For her second feature, Bigelow set out to make an unconventional Western with co-writer Eric Red. Coming up short on funding, they turned to the late 80s vampire revival craze (“Fright Night,” “The Lost Boys”) and melded Western themes with vampire and biker gangs to make the cult classic “Near Dark.” The film opens on handsome yokel Caleb (Adrian Pasdar) falling for attractive stranger Mae (Jenny Wright), strange in that she isn’t from around these parts and in that she scares off horses. One thing leads to another and he gets turned into a vampire, rustled into Mae’s marauding gang of dusty, crusty lowlifes. As with Willem Dafoe in “The Loveless,” a then-unknown Bill Paxton carries the film with his over-bounding magnetism as Severen, the gang sociopath and rebel. Shameless and beautifully shot, he smacks his lips and licks his fingers on a victim’s blood with the confidence of a good ol’ boy after some down home barbecue, acting as an arbiter of what Manohla Dargis characterized as the film’s “kind of hot, sticky, shocking violence that’s alternately exciting and appalling.” The film falls under a too-neat, cop-out third act involving vampire-ending sunlight and cure-all blood transfusions, but transcends those boundaries as whole to become the most full-bodied interpretation of vampiric Americana. It combines just the right elements of romanticism, realism and shock value. A perfect anti-dote to mythos-heavy Anne Rice novels and Twi-hards.

4. “Strange Days” (1995)

Co-written with Jay Cocks from James Cameron’s original script, Bigelow’s “Strange Days” is a sci-fi thriller ahead of its time: Consider its prescient use of recreational virtual reality, condemnation of the ties between race and police brutality, and the well-toned Angela Bassett saving tweaked-out Ralph Fiennes.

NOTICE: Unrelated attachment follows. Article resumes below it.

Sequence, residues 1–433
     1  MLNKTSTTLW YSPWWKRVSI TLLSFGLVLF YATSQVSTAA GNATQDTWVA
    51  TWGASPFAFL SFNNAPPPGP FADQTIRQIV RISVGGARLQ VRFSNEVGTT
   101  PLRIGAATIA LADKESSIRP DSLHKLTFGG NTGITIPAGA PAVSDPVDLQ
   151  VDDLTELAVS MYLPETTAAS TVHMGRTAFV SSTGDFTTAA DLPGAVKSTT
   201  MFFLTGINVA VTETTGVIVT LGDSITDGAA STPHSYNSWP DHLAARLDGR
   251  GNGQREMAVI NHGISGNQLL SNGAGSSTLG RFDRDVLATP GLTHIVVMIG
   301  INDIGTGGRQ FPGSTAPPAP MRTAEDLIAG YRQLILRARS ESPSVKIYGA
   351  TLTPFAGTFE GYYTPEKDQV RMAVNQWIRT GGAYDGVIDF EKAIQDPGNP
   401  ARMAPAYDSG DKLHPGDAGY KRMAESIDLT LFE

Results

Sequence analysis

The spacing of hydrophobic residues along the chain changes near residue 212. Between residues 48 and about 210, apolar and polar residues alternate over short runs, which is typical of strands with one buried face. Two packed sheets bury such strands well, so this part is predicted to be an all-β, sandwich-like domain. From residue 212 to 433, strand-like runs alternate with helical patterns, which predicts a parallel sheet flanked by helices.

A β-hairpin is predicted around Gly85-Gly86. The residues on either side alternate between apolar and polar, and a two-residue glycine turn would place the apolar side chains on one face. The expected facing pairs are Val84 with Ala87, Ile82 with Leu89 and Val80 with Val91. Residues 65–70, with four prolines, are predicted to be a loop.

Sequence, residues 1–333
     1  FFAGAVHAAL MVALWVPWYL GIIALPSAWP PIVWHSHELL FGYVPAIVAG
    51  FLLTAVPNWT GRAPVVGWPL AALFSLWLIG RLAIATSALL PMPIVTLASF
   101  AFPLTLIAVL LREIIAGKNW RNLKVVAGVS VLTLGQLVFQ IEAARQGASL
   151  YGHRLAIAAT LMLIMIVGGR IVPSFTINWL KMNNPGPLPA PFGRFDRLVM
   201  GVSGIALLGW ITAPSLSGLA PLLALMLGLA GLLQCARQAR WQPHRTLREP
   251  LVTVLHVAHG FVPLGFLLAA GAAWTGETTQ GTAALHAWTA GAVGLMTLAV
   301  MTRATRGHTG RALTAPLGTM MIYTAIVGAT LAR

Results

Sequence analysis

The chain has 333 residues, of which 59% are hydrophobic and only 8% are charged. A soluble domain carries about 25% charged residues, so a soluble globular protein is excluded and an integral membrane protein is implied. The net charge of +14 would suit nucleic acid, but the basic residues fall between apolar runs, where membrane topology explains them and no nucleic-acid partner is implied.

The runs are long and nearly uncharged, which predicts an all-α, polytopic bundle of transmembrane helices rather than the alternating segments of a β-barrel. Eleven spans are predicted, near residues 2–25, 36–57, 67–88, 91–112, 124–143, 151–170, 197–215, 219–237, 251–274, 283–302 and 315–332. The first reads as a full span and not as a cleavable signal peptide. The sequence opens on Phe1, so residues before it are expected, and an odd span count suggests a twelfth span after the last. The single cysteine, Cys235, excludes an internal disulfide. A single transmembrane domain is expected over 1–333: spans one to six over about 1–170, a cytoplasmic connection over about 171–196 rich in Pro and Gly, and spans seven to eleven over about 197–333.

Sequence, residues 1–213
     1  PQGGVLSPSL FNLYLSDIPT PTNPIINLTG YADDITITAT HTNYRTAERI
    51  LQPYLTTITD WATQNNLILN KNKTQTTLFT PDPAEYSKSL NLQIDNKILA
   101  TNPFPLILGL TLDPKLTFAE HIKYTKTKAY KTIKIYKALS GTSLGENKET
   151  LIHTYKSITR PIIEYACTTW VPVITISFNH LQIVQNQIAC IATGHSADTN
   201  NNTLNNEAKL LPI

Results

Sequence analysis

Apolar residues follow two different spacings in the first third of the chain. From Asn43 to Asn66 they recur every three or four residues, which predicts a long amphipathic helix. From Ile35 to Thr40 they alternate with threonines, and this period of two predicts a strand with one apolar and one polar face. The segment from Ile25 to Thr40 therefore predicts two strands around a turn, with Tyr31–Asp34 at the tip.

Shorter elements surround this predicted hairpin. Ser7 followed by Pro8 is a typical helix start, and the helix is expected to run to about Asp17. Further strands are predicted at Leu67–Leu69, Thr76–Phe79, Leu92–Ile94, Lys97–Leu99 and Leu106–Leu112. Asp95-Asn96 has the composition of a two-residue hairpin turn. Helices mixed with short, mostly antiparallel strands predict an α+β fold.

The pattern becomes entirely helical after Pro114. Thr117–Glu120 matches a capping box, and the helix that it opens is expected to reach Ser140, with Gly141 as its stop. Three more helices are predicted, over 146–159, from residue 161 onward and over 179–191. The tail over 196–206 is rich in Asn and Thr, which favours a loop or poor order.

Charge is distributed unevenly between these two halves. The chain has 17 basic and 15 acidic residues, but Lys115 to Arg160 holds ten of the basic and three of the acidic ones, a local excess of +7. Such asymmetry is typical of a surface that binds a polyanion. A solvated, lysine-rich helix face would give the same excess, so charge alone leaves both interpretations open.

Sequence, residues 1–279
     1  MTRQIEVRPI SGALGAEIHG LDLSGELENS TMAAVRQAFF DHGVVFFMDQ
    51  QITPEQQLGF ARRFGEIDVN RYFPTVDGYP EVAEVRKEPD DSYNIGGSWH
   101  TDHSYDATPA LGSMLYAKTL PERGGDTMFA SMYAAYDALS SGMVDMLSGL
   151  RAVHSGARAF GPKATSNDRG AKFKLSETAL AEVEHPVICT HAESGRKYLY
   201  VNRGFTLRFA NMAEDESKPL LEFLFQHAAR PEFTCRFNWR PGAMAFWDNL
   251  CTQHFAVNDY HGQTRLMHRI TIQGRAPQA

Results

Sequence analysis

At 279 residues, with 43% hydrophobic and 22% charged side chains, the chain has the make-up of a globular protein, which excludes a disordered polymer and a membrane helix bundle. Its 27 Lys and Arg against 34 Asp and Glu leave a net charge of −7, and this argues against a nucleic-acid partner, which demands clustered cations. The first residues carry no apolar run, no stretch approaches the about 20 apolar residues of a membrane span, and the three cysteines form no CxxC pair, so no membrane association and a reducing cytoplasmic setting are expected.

Set in pre-apocalyptic 1999, the plot follows Lenny (Fiennes), an ex-cop turned seedy SQUID (illegal virtual reality discs) dealer, getting wrapped up in a murderous conspiracy that could possibly trace all the way up the police hierarch — but also to Lenny’s “one who got away” ex Faith (Juliette Lewis).  Enlisting the help of his friends, including limo driver Mace (Bassett), Lenny tries to track down the killer of an acquaintance and save Faith while bringing wrongdoers to justice. (Think “Blade Runner” meets “Inherent Vice” with hints of “Her” and “Demolition Man.”) The editing is spectacular: A fast-paced robbery jolts the audience into the world of SQUID recordings and the adrenaline never drops too low from there, spiked by cop violence, hooker rape, and multiple murders. Bigelow twists audience expectations with Hitchcockian results. Underneath the aforementioned convoluted plot and futuristic noir trappings, “Strange Days” also provides some of the most thought-provoking social commentary on race and the over-militarized police state in American movies.  

3. “The Loveless” (1981)